Greta Thunberg is haunting me. Her voice rolls around in my head whenever I turn out the lights. I know I’m not doing enough about climate change. She’s entirely right. It’s not time to lean in or turn towards change. It’s time to panic. It’s time to take immediate action. Yet, here I am, living, by my own say-so, indulgently.
For decades, I’ve known that it’s the problem that will define us as a species. Sure, I’ve made moderate efforts to keep a small carbon footprint – relative to my culture and my privilege. But I’ve always known that it hasn’t been enough. Yet, here I sit, on the eve of a year afloat. A year of indulgence. A year away from the people with ears close enough for me to whisper in. A year away from salaries that pay taxes that may help shift the needle. Here I am, a man of resource, of moderate influence and, hopefully, a gift for storytelling, doing what? Turning his back on the problem?
At our yacht club, members are arriving with lumber and fortifying their docks with creations designed to give fenders something to rub against while the docks sink and disappear from view. This is the second time in three years that this has been necessary. It’s the third time in three decades. In other parts of Ontario and Quebec, floods that we were told we’d see once in one hundred years are also happening for the second time in three years.
In many ways, the Great Lakes seem isolated from the effects of climate change. In most places, the shores are steep, protecting homes from flooding. Being 74 meters above sea level, even the lowest of the lakes is completely immune to rising sea levels. But the Great Lakes are massively affected by temperature changes.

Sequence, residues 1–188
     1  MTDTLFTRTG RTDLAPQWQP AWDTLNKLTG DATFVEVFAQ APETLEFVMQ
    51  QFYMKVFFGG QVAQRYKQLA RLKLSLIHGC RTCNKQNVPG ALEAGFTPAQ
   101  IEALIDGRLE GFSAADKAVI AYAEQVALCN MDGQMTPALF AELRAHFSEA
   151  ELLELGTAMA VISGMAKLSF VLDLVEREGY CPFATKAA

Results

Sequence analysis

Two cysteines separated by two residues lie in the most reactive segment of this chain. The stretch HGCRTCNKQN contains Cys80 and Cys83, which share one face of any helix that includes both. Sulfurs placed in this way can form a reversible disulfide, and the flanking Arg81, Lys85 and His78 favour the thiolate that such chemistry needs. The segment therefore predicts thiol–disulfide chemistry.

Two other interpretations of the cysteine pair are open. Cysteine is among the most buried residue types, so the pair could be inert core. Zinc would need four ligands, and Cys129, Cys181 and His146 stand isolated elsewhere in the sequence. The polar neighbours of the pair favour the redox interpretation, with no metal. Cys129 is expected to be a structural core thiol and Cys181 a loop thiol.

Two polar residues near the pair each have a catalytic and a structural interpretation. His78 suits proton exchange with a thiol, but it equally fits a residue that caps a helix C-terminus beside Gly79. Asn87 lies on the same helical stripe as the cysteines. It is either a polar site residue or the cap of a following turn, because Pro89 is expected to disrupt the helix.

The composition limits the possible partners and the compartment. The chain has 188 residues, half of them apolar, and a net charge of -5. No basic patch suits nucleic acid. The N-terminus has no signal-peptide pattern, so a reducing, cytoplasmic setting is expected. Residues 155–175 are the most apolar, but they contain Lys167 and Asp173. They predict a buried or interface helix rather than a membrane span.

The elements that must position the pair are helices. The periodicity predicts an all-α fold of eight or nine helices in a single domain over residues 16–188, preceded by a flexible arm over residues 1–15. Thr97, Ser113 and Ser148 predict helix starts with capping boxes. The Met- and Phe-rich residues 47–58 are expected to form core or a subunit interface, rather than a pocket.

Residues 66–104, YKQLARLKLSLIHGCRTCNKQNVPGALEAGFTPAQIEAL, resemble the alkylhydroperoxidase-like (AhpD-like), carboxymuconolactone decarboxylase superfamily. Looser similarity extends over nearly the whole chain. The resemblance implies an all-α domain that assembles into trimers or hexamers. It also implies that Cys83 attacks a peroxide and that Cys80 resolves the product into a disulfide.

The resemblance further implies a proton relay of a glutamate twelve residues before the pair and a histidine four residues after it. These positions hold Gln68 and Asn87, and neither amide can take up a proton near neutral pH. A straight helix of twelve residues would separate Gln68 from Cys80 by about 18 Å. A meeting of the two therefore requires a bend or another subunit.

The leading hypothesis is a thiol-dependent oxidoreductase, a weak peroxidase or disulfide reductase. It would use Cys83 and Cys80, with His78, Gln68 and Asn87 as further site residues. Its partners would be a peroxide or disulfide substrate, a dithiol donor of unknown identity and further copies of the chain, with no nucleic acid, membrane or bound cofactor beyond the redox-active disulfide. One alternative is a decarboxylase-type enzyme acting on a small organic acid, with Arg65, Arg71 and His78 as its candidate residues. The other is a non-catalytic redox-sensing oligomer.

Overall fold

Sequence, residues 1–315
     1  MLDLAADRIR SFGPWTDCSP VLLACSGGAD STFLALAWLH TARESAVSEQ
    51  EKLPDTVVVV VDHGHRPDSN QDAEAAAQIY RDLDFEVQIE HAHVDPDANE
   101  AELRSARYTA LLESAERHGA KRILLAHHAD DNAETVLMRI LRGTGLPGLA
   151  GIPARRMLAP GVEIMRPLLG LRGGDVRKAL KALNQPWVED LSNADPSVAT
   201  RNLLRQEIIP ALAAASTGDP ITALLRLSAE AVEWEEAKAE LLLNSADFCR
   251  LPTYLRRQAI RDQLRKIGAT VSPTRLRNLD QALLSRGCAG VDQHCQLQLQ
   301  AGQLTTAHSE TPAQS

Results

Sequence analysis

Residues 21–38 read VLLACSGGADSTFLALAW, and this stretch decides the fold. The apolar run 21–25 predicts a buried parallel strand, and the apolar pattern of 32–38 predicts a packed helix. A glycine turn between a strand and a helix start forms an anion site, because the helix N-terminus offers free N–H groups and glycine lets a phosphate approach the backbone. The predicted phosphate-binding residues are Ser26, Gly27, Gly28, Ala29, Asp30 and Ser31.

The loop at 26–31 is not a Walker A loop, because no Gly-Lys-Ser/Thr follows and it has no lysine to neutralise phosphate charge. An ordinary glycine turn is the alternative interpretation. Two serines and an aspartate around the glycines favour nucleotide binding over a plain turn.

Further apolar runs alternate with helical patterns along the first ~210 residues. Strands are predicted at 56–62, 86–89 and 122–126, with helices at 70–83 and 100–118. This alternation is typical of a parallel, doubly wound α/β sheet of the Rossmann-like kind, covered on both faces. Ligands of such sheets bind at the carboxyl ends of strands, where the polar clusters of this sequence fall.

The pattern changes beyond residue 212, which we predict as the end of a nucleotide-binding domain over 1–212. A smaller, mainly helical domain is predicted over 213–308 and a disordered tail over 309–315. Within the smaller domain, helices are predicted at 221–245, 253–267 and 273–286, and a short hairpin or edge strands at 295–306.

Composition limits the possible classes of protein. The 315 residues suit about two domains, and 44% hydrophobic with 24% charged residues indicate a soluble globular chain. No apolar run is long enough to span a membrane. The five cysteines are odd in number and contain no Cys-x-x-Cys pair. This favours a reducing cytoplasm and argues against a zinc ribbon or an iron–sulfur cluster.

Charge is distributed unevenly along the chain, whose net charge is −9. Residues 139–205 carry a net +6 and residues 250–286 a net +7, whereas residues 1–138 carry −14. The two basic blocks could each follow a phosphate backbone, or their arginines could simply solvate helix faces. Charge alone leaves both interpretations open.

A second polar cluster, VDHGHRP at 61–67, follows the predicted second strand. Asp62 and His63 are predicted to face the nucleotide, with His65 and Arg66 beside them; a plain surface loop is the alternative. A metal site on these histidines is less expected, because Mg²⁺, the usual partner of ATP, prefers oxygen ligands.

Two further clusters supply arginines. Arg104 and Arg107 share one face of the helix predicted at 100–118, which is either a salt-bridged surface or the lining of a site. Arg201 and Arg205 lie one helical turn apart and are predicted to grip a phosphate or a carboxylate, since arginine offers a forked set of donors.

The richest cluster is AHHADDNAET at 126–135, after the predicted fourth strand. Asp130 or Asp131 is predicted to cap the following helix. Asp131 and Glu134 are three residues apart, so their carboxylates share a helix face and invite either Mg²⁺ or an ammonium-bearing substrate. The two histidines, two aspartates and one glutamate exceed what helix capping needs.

Traditionally, ice covered the lakes throughout the winter. The white ice reflected sunlight, enabling the lakes to cool throughout the winter. Nowadays, the lakes are often open throughout the winter. And the green/blue of the open water continues to absorb heat from sunlight all winter long. Each year, the waters are warmer than the previous. And since the lakes moderate weather, they moderate weather less so, leading to bigger storms and more dramatic squalls. Warmer waters also mean more algae. More algae means less oxygen for fish. Of course, warmer waters also mean less ice in the following winter. Rinse. Repeat. It’s a vicious cycle.
Intergalactically, in the fullness of time, we will either be known as the species of self-awareness and intelligence, or, we will be a heap of archaeological debris, a moderately interesting planetary wreck for galactic space divers to visit and make YouTube videos about. And everyday, we have less and less burning fuse left to cut. And everyday, we wake up and we don’t cut that fuse.
Of course, a year afloat on a sailboat will reduce our carbon footprint. But, if that was our intention, we could save another few hundred gallons of diesel by staying at the dock. We could pick the nearby port that offers the best walking and transit and plant ourselves there. But perhaps the CO produced by travelling to and from the Bahamas will be less than the CO we would release by trying to stay warm throughout Ontario’s cold winter? I don’t know and it doesn’t matter. I’m not that selfless. I’m going regardless.
I suppose one thing we could do would be to provide some climate change context as we travel. We could track and post our CO emissions the way others have posted their monthly spending. Perhaps we could search for and tell environmental stories about the places we visit as we travel (though that sounds like work.) We could give up meat. That’s clearly a big part of the problem and an easy sacrifice to make.
I will have to figure out some way to add meaning to this trip, or live with the fact that I did not. And Greta will be watching me!
Very interesting and important post.